8. Combining computer algorithms with experimental approaches permits the rapid and accurate identification of T cell epitopes from defined antigens.

    Schirle, M; Weinschenk, T; Stevanović, S


    The identification of T cell epitopes from immunologically relevant antigens remains a critical step in the development of vaccines and methods for monitoring of T cell responses. This review presents an overview of strategies that employ computer algorithms for the selection of candidate peptides from defined proteins and subsequent verification of their in vivo relevance by experimental approaches. Several computer algorithms are currently being used for epitope prediction of various major histocompatibility complex (MHC) class I and II molecules, based either on the analysis of natural MHC ligands or on the binding properties of synthetic peptides. Moreover, the analysis of proteasomal digests of peptides and whole proteins has led to the development of algorithms for the prediction of proteasomal cleavages. In order to verify the generation of the predicted peptides during antigen processing in vivo as well as their immunogenic potential, several experimental approaches have been pursued in the recent past. Mass spectrometry-based bioanalytical approaches have been used specifically to detect predicted peptides among isolated natural ligands. Other strategies employ various methods for the stimulation of primary T cell responses against the predicted peptides and subsequent testing of the recognition pattern towards target cells that express the antigen.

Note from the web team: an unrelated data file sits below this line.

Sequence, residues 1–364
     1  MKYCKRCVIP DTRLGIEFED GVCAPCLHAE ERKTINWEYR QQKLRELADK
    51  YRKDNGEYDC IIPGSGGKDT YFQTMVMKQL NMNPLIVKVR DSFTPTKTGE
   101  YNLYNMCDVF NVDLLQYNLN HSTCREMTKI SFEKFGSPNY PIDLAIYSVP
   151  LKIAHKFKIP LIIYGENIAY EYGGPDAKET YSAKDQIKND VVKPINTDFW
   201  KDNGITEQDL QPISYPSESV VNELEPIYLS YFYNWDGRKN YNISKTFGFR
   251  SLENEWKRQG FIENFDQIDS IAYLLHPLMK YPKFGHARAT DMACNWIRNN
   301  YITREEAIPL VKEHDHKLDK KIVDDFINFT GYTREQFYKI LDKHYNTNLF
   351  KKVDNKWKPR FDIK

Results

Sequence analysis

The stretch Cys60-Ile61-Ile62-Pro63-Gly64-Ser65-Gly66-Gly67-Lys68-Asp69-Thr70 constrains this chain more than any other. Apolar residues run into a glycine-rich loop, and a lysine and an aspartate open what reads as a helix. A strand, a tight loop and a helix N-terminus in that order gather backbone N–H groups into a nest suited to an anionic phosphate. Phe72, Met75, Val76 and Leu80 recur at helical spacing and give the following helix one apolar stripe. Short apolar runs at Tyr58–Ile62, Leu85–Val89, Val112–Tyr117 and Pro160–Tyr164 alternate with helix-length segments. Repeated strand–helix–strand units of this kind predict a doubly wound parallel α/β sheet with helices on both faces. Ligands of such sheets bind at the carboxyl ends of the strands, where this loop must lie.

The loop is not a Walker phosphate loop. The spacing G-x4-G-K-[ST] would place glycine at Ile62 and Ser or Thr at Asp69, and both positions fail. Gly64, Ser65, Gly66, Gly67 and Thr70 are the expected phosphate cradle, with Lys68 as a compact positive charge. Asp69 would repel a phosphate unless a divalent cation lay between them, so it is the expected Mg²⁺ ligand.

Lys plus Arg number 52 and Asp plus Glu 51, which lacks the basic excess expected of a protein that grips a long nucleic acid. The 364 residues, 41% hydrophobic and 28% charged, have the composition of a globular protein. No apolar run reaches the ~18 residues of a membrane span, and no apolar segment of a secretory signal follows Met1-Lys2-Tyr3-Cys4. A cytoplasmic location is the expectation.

9. Frontiers of reliability

    Basu, Asit P; Basu, Sujit K


    This volume presents recent results in reliability theory by leading experts in the world. It will prove valuable for researchers, and users of reliability theory. It consists of refereed invited papers on a broad spectrum of topics in reliability. The subjects covered include Bayesian reliability, Bayesian reliability modeling, confounding in a series system, DF tests, Edgeworth approximation to reliability, estimation under random censoring, fault tree reduction for reliability, inference about changes in hazard rates, information theory and reliability, mixture experiment, mixture of Weibul

  10. Modelling the experimental electron density: only the synergy of various approaches can tackle the new challenges.

    Macchi, Piero; Gillet, Jean-Michel; Taulelle, Francis; Campo, Javier; Claiser, Nicolas; Lecomte, Claude


    Electron density is a fundamental quantity that enables understanding of the chemical bonding in a molecule or in a solid and the chemical/physical property of a material. Because electrons have a charge and a spin, two kinds of electron densities are available. Moreover, because electron distribution can be described in momentum or in position space, charge and spin density have two definitions and they can be observed through Bragg (for the position space) or Compton (for the momentum space) diffraction experiments, using X-rays (charge density) or polarized neutrons (spin density). In recent years, we have witnessed many advances in this field, stimulated by the increased power of experimental techniques. However, an accurate modelling is still necessary to determine the desired functions from the acquired data. The improved accuracy of measurements and the possibility to combine information from different experimental techniques require even more flexibility of the models. In this short review, we analyse some of the most important topics that have emerged in the recent literature, especially the most thought-provoking at the recent IUCr general meeting in Montreal.

  11. Modelling the experimental electron density: only the synergy of various approaches can tackle the new challenges

    Piero Macchi